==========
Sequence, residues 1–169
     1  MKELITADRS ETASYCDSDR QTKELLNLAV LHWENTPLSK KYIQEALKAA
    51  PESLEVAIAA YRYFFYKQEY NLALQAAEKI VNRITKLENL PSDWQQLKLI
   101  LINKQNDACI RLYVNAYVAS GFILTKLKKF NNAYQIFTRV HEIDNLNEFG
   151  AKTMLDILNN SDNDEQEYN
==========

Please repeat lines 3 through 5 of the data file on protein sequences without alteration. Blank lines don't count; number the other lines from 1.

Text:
    51  PESLEVAIAA YRYFFYKQEY NLALQAAEKI VNRITKLENL PSDWQQLKLI
   101  LINKQNDACI RLYVNAYVAS GFILTKLKKF NNAYQIFTRV HEIDNLNEFG
   151  AKTMLDILNN SDNDEQEYN